You will need to download and install the free 
Acrobat Reader to view.

1: Summary of the Family Jewels
Memorandum for the File, "CIA Matters," by James 
A. Wilderotter, Associate Deputy Attorney General, 3 January 1975
Source: Gerald R. Ford Presidential Library

On New Years' eve, 1974, DCI Colby met with 
Justice Department officials, including Deputy 
Attorney General Laurence H. Silberman, to give 
them a full briefing of the "skeletons."

2: Colby Briefs President Ford on the Family Jewels
Memorandum of Conversation, 3 January 1975
Source: Gerald R. Ford President Library

Ten days after the appearance of Hersh's New York 
Times story, DCI William Colby tells President 
Ford how his predecessor James Schlesinger (then 
serving as Secretary of Defense) ordered CIA 
staffers to compile the "skeletons" in the 
Agency's closet, such as surveillance of student 
radicals, illegal wiretaps, assassination plots, 
and the three year confinement of a Soviet defector, Yuri Nosenko.

3: Kissinger's Reaction
Memorandum of Conversation between President Ford 
and Secretary of State/National Security Adviser 
Henry Kissinger, 4 January 1975
Source: Gerald R. Ford President Library

An apoplectic Kissinger argues that the 
unspilling of CIA secrets is "worse than the days 
of McCarthyism" when the Wisconsin Senator went 
after the State Department. Kissinger had met 
with former DCI Richard Helms who told him that 
"these stories are just the tip of the iceberg,"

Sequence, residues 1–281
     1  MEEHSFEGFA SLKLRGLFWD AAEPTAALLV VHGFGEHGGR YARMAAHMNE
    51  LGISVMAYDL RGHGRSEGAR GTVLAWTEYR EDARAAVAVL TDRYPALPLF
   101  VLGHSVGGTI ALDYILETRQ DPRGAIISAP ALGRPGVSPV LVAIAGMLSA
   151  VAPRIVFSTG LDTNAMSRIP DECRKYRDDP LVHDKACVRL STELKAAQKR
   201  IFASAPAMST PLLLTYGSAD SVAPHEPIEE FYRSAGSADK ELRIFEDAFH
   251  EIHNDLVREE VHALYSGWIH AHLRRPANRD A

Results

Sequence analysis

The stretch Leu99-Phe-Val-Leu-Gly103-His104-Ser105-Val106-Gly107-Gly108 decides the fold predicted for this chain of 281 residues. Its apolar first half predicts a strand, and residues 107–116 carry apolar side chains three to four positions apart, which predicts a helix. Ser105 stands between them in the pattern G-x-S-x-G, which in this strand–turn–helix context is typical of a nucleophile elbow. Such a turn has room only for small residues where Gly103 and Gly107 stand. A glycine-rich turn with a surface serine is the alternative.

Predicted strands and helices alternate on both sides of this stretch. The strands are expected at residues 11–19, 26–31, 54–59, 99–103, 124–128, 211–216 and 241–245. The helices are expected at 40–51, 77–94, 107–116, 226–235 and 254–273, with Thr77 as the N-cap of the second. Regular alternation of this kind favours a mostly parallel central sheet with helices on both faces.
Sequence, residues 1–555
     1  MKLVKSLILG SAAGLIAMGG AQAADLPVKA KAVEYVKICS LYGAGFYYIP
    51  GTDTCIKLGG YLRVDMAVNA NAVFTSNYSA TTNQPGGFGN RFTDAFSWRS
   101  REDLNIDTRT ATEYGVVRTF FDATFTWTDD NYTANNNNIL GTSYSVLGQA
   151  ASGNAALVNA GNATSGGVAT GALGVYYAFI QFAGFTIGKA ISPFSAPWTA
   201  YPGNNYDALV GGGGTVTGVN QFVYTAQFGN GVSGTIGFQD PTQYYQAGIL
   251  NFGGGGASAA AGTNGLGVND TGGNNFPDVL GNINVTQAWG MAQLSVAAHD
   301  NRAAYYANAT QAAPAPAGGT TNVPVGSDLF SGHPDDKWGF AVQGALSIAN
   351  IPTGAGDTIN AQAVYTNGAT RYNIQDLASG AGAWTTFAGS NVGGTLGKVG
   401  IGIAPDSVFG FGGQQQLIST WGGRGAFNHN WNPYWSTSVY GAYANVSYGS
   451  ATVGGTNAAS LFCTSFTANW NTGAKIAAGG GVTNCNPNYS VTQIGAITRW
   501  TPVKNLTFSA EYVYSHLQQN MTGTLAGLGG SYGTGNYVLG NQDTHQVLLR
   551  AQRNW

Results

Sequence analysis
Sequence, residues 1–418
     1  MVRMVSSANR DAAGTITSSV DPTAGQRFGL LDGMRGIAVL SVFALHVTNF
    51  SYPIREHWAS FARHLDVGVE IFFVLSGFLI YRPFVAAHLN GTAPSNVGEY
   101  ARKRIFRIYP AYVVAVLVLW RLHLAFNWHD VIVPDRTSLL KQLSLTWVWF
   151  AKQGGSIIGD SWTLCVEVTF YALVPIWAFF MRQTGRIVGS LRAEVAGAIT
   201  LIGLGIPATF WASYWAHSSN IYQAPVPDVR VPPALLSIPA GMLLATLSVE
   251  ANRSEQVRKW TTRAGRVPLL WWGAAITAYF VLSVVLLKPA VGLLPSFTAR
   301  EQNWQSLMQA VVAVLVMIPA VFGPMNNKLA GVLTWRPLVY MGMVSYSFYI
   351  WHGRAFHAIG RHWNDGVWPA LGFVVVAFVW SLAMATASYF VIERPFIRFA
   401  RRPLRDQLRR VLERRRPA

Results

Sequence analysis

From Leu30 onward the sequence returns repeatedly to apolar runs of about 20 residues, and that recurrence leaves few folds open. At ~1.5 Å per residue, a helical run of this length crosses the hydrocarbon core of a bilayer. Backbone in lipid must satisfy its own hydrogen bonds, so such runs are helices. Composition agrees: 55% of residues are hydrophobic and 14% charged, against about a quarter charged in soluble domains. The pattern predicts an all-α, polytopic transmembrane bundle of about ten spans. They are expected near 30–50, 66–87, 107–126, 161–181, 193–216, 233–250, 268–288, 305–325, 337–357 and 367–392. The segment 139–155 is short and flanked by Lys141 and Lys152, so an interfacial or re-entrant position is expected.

citing as one example Robert F. Kennedy's role in 
assassination planning. Ford wondered whether to 
fire Colby, but Kissinger advised him to wait 
until after the investigations were complete when 
he could "put in someone of towering integrity." 
The "Blue Ribbon" announcement refers to the 
creation of a commission chaired by then-vice president Nelson A. Rockefeller.

4: Investigations Continue
Memorandum of Conversation between Kissinger, 
Schlesinger, Colby et al., "Investigations of 
Allegations of CIA Domestic Activities," 20 February 1975
Source: Gerald R. Ford Presidential Library

Cabinet and sub-cabinet level officials led by 
Kissinger discuss ways and means to protect 
information sought by ongoing Senate (Church 
Committee) and House (Pike Committee) 
investigations of intelligence community abuses 
during the first decades of the Cold War. Worried 
about the foreign governments that have 
cooperated with U.S. intelligence agencies, 
Kissinger wants to "demonstrate to foreign 
countries that we aren't too dangerous to cooperate with because of leaks."

Freedom Archives
522 Valencia Street
San Francisco, CA 94110

415 863-9977